Kashmir peace bus celebrates a year
The bus has brought together Kashmiris from both sides of LoC.india Updated: Apr 08, 2006 02:21 IST
The "peace bus" connecting the two parts of Kashmir, which completed a year on Friday, has emerged as a key link between divided families and a major confidence-building measure in the peace process between India and Pakistan.
Since the Srinagar-Muzaffarabad bus service was flagged off by Prime Minister Manmohan Singh from Srinagar on April 7, 2005, it has helped 710 Kashmiris from both sides of the Line of Control (LoC) to re-establish contacts with long-lost relatives.
A total of 365 Kashmiris travelled on the bus from the Indian side to meet their kin in Pakistan-administered Kashmir while 345 people from Muzaffarabad and other parts of Pakistani Kashmir had emotional reunions with their relatives in Jammu and Kashmir.
The service succeeded despite warnings from terrorists that they would target the bus as well as those who chose to travel on it. They even carried out an audacious strike in Srinagar a day ahead of its launch last year but this did not deter the travellers.
"It was because of the threats that elaborate security arrangements have to be made each time the Srinagar-Muzaffarabad bus undertakes its journey," said a police officer.
While almost everybody in the mainstream and separatist political camps welcomed the bus service, hardline Kashmiri separatist Syed Ali Geelani opposed it, claiming that India was trying to project the bus service "as an end in itself rather than as a means to resolve the Kashmir dispute".
The service of the 'Karwan-e-Aman' remained suspended for nearly three months in the wake of the devastating earthquake that hit both Kashmir and Pakistan-occupied Kashmir in October 2005, but it resumed once the roads and a crucial bridge on the LoC were repaired.
The Jammu and Kashmir State Road Transport Corp (JKSRTC) purchased seven buses for the service and each of these 28-seat vehicles is fitted with modern gadgets like air-conditioners, plush upholstery and stereo systems.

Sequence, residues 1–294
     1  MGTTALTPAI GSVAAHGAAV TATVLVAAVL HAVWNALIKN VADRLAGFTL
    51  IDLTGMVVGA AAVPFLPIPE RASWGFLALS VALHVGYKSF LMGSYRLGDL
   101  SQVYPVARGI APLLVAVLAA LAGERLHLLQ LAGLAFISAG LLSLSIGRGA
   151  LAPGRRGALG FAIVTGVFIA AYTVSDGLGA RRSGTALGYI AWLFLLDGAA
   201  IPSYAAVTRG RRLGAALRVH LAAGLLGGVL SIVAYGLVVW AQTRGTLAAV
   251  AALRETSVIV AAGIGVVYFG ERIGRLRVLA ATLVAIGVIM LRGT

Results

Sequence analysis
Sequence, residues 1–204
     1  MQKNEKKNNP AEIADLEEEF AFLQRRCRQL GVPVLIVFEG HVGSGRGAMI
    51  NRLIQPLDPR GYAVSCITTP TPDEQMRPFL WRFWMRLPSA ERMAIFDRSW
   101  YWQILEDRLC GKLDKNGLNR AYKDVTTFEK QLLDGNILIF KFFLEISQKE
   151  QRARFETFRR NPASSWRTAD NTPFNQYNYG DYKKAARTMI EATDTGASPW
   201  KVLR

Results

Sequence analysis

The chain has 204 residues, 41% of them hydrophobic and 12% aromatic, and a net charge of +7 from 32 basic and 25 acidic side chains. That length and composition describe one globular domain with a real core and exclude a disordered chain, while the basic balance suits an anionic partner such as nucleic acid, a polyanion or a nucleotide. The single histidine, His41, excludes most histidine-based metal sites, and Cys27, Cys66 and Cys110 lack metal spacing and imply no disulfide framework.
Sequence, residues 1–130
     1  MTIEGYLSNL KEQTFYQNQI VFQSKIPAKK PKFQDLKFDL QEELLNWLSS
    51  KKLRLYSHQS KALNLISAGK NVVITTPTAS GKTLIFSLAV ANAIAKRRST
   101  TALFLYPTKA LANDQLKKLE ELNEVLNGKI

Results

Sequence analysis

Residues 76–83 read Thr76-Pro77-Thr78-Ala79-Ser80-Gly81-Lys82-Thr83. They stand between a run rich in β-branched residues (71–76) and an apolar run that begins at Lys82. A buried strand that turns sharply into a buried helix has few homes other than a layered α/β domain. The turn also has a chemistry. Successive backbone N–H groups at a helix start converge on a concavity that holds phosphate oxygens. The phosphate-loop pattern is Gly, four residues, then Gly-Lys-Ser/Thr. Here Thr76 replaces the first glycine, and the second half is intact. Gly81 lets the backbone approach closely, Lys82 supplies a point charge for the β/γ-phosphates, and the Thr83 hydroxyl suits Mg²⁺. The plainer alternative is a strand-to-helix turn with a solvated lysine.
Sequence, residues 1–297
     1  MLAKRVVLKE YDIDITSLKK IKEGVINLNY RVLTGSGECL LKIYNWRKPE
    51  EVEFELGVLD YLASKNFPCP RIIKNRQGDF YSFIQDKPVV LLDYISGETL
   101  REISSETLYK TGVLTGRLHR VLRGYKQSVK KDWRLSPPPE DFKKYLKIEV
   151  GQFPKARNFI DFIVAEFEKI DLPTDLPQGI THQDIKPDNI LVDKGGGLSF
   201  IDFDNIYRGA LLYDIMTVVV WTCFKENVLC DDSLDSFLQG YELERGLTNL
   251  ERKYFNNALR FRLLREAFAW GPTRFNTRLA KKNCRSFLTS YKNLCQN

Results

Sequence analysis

"The cost of maintaining the luxury fleet is so high that depending solely on the income generated by carrying passengers to and fro the Kaman Bridge in Uri township was simply not viable economically," said a JKSRTC official.
"It was because of this reason that we began using the same fleet for carrying tourists to other destinations in the Kashmir Valley."
Despite its emotional and symbolic significance, most prospective travellers in Indian Kashmir blame the authorities for tedious and troublesome procedures associated with a journey on the Srinagar-Muzaffarabad route.
"It is very tedious despite the fact that we are not supposed to obtain visas for the Srinagar-Muzafarrabad journey," said Muhammad Muzaffar, 34, a Srinagar resident who claimed his travel documents had not been cleared even though he had submitted an application six months ago.
"The intelligence department conducts an extensive investigation before clearing passengers for the journey. It is always easier to go to Muzaffarabad via the Wagah border (in Punjab)," Muzaffar said.
India's external affairs ministry has designated the regional passport officer in Srinagar as the nodal travel authority for the Srinagar-Muzaffarabad bus service while the deputy commissioner of Muzaffarabad is the nodal authority on the Pakistan side.
Prime Minister Manmohan Singh is scheduled to inaugurate another trans-Kashmir bus service between Poonch and Rawalakote later this month.